It’s no secret that Gen Z and millennials spend much of their time online watching videos on their mobile devices. Platforms like YouTube, Instagram stories and Snapchat have never been more popular. Selling strategies should therefore be social-centric, comprising a variety of formats from video reviews to posted images and stories. But not all social sites were created equal. “Millennials have fallen out of favor with Facebook, whereas Gen Zs were never fully engaged with it in the first place,” says Chiu. “Instagram seems to be the preferred social media platform for both.”
When it comes to shopping recommendations, Adweek found that 24 percent of Gen Z consumers make YouTube their platform of choice. That’s because younger customers grew up in the age of Amazon, and therefore wouldn’t dream of making a purchase without first scrolling through pages of user-generated content to glean honest, insider reports. “Gen Z is more likely to purchase based on a YouTube review,” says the marketing team at Shen Beauty, a popular beauty destination in Brooklyn, New York. “If everyone’s raving about a product and making a fuss online, the impulse is to not miss out on the hype.” What’s more, both demographics are likely to have certain YouTubers they return to time and again, because they base purchasing decisions on their trusted opinions. Glossier, Milk Makeup and ColourPop Cosmetics have all been deemed “millennial makeup,” and it’s perhaps no coincidence that they include in-depth reviews for all the products available on their sites. To further sweeten the pot, many of the bigger YouTube channels (those typically numbering 100,000+ viewers) feature codes that can be used for discounts online.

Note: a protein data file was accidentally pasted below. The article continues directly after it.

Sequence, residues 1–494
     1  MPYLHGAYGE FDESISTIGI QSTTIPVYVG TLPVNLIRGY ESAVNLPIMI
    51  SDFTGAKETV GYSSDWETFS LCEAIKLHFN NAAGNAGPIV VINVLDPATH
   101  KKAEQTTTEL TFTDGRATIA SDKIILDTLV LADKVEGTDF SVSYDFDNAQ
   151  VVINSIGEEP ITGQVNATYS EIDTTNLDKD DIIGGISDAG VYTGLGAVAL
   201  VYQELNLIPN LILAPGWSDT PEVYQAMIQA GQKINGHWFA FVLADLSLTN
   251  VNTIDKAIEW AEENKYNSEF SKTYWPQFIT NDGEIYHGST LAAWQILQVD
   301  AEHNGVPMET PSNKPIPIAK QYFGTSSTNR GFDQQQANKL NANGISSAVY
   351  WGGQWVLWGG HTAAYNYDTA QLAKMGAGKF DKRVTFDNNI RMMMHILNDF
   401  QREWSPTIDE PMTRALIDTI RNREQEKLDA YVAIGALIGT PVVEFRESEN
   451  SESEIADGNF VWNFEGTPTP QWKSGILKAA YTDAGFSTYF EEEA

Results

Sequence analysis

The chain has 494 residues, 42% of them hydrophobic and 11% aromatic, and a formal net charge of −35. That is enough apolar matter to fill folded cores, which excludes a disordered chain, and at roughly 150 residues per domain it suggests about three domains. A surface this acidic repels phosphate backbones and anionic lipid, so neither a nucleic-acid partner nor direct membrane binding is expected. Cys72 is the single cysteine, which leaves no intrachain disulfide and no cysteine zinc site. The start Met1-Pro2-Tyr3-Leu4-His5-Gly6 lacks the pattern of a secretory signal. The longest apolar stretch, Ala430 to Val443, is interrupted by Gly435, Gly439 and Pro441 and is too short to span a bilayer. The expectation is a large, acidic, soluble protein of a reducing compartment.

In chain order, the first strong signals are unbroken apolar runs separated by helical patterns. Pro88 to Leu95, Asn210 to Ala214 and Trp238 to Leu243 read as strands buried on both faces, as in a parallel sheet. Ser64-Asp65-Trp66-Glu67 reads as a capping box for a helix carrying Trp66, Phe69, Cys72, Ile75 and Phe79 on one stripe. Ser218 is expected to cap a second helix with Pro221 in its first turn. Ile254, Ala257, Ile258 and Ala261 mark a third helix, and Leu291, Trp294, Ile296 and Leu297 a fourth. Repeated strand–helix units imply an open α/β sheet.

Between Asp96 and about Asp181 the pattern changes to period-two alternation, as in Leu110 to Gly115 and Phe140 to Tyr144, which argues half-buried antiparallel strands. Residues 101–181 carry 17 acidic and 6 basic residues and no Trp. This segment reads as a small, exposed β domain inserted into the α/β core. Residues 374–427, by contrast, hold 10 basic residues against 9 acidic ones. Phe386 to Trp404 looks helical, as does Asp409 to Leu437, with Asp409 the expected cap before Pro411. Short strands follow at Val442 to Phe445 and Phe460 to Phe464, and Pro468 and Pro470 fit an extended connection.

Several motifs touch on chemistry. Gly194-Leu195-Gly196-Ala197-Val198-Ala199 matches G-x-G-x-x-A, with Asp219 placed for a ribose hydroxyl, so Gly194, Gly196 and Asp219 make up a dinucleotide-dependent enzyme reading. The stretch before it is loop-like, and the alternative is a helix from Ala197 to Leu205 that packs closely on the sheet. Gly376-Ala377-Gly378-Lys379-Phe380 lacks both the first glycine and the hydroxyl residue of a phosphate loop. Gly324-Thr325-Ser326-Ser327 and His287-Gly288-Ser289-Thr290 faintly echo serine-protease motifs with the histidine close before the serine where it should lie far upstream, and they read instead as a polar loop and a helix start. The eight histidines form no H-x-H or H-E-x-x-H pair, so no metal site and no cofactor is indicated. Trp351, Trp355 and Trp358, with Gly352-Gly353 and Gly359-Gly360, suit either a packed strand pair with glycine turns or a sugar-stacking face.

But honesty is essential. “Not every product will be great, and smart brands are the ones that realize it’s important to create an open dialogue where all thoughts can be voiced,” says Shen marketing. Teens, college students and young professionals enjoy the snack-sized content created on Snapchat, which further speaks to the importance of crafting messaging that can be quickly and clearly communicated–else retailers run the risk of losing sales.